Scientists at the U.S. Geological Survey have, for the first time, demonstrated how aquifer composition can affect how excessive levels of phosphorous (an essential nutrient contained in fertilizers) can be carried from fertilized agricultural fields via groundwater to streams and waterways. This finding will allow for more informed management of agriculture, ecosystem, and human water needs.
According to USGS scientists, nutrient transport from agricultural fields, including nitrogen and phosphorus compounds, is one of the most serious environmental problems throughout the world because it can cause adverse effects on aquatic ecosystems and/or drinking water supplies. Excess phosphorus can stimulate algal growth in streams and lakes, which can lead to decreased levels of dissolved oxygen resulting in the death of sensitive organisms including fish, or can cause changes in the types of algae that are present. Some forms of algae can also release toxins that can negatively impact human health.
“While the widespread use of fertilizer has increased crop yields, excessive application is not only wasteful, but it can also be harmful to water quality, fish, and human health,” said USGS director Marcia McNutt. “New USGS science demonstrates how and when excess phosphorous is moving underground from fields to streams, and what underground conditions can mitigate nutrient transport.”
Researchers examined phosphorus quantities and movement in soils, and groundwater in five agricultural settings across the United States, including California, Washington, Nebraska, Indiana, and Maryland. Sites were chosen to represent common variations in soil geochemistry, climate, irrigation usage, and cropping systems found across the nation, allowing for the first time, a comparison of factors that contribute to phosphorus movement in shallow aquifers. The study included assessment of a variety of agricultural practices, so that factors contributing to phosphorus movement via groundwater could be compared.
“Until now, studies of phosphorus transport to streams have been focused on surface-water pathways because it was previously assumed that phosphorus does not dissolve into soil water and is not mobilized to groundwater,” explained USGS researcher Joseph Domagalski. “Farmers and resource managers can use the study information to better manage the application of fertilizer on agricultural fields and minimize phosphorus contamination in downstream water bodies.”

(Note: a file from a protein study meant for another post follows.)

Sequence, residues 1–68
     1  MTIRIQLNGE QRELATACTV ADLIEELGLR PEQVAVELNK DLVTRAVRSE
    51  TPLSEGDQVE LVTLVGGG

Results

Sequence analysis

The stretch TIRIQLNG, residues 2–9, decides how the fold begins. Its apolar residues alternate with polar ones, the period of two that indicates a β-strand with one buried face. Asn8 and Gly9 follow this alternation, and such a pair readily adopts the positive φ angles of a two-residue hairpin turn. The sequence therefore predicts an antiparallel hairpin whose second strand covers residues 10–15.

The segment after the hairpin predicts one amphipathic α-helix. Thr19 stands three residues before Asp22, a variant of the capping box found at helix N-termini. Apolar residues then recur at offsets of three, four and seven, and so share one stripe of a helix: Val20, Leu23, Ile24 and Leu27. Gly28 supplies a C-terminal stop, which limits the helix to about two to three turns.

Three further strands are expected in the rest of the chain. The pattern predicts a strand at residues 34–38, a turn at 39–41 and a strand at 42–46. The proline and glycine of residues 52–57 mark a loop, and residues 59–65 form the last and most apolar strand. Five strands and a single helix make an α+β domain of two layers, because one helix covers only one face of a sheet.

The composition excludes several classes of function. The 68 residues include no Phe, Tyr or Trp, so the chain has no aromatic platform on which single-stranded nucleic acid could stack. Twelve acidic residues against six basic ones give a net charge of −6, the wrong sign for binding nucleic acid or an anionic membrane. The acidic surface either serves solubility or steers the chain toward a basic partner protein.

The study examines how iron and other elements present in particles in an aquifer can immobilize phosphorus and remove it from groundwater. Under the right conditions, such as in the Maryland site, these processes completely limit phosphorus movement in groundwater. However, if aquifer particles are continually exposed to excess phosphorus and become saturated, the excess phosphorus will eventually be transported to a discharge zone, such as a stream. Using this information, resource managers can evaluate what types of aquifer systems are more likely to transport phosphorus into surface water bodies.
When asked if aspects of this research could be applied to helping protect Puget Sound, Domagalski responded by saying that the research implys that groundwater should be monitored but runoff from impervious surfaces is likely of greater importance.
The study also shows that inexpensive soil tests, routinely employed to estimate fertilizer requirements, can be used on deeper soil samples to evaluate the potential for downward movement of phosphorus below the plant rooting depth in agricultural areas. The potential for groundwater transport of phosphorus can be evaluated with basic geochemical information, such as measurements of pH, dissolved oxygen, and dissolved phosphorus in samples of shallow ground water.
The study of agricultural chemicals is one of several priority topics currently being addressed by the U.S. Geological Survey National Water-Quality Assessment Program. More information about the study is available online and in the Journal of Hydrology, “Subsurface transport of orthophosphate in five agricultural watersheds.”